I’ve just been reading Anne Lamott. On a trail hike with a friend who has a terminal diagnosis, she noticed groups of tourists. But: “Who knows what tragedies these happy tourists left behind at home? Into every life crap will fall …
Making so much of it work is the grace of it; and not being able to make it work is double grace. Grace squared. Their somehow grounded buoyancy is infectious, so much better than detached martyrdom, which is disgusting.
The article remembers Virginia Woolf’s assertion that “a self that goes on changing is a self that goes on living”
And Lamott considers “how people like her friend Barbara — people on the precipice of death and yet very much alive — find the grace of making-it-work”:
“They are willing to redefine themselves, and life, and okayness. Redefinition is a nightmare — we think we’ve arrived, in our nice Pottery Barn boxes, and that this or that is true. Then something happens that totally sucks, and we are in a new box, and it is like changing into clothes that don’t fit, that we hate … (yet) everything we lose is Buddhist truth — one more thing that you don’t have to grab with your death grip, and protect from theft or decay. It’s gone. We can mourn it, but we don’t have to get down in the grave with it.”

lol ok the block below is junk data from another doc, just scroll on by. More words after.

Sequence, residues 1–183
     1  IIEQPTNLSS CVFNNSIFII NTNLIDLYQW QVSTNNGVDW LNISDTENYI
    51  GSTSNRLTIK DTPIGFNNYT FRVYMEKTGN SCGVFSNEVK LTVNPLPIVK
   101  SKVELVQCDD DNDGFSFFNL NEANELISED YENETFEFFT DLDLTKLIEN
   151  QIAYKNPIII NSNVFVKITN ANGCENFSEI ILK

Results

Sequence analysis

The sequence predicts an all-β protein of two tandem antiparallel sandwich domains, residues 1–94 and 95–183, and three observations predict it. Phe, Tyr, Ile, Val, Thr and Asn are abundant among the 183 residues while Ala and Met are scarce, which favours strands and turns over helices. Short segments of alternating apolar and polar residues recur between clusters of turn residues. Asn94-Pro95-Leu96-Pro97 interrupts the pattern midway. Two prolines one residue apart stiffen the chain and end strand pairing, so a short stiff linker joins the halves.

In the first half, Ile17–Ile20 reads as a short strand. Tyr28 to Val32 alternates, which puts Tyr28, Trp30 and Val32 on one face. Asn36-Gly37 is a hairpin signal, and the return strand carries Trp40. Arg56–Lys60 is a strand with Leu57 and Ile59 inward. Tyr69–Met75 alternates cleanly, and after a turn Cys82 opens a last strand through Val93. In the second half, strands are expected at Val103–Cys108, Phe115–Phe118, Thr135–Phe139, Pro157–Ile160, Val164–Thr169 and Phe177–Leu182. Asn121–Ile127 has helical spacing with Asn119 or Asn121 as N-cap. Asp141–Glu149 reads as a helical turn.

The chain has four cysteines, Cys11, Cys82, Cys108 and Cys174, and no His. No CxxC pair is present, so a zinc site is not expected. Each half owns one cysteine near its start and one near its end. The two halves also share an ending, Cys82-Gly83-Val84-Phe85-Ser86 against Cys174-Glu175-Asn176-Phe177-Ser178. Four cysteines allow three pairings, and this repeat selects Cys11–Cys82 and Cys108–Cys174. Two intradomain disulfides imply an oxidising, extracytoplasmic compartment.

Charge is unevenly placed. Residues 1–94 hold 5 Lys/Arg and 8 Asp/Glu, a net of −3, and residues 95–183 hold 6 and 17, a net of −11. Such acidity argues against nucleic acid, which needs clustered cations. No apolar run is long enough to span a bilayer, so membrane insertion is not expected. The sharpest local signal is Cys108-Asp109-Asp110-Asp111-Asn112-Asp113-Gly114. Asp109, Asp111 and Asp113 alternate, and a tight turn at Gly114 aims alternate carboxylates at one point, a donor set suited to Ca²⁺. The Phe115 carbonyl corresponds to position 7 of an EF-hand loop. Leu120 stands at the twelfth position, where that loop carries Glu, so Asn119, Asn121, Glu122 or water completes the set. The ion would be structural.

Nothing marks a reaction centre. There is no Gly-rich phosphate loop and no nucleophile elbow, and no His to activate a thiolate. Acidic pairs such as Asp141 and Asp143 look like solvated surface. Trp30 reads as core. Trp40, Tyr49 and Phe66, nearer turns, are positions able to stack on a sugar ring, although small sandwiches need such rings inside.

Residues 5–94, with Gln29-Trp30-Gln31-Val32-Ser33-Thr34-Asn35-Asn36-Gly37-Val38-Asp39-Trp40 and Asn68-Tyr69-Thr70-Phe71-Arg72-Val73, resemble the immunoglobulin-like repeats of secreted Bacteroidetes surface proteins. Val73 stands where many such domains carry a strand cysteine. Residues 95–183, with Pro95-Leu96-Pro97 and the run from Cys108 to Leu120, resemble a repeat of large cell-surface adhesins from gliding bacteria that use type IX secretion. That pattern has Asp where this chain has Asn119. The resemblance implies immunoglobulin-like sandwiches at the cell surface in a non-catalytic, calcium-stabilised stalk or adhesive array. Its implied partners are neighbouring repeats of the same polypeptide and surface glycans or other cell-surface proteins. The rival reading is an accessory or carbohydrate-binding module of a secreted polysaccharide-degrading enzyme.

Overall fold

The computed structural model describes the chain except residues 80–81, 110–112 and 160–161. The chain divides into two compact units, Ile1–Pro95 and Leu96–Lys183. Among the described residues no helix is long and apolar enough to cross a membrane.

Lamont recounts the New Year’s Day phone call in which her friend Sue told her the news of her prognosis:
“I just listened for a long time; she went from crushed to defiant.
‘I have what everyone wants’, she said. ‘But no one would be willing to pay.’
‘What do you have?’
‘The two most important things. I got forced into loving myself. And I’m not afraid of dying anymore.’
Lastly, Lamott writes:
“This business of having been issued a body is deeply confusing… Bodies are so messy and disappointing. Every time I see the bumper sticker that says “We think we’re humans having spiritual experiences, but we’re really spirits having human experiences,” I (a) think it’s true and (b) want to ram the car.”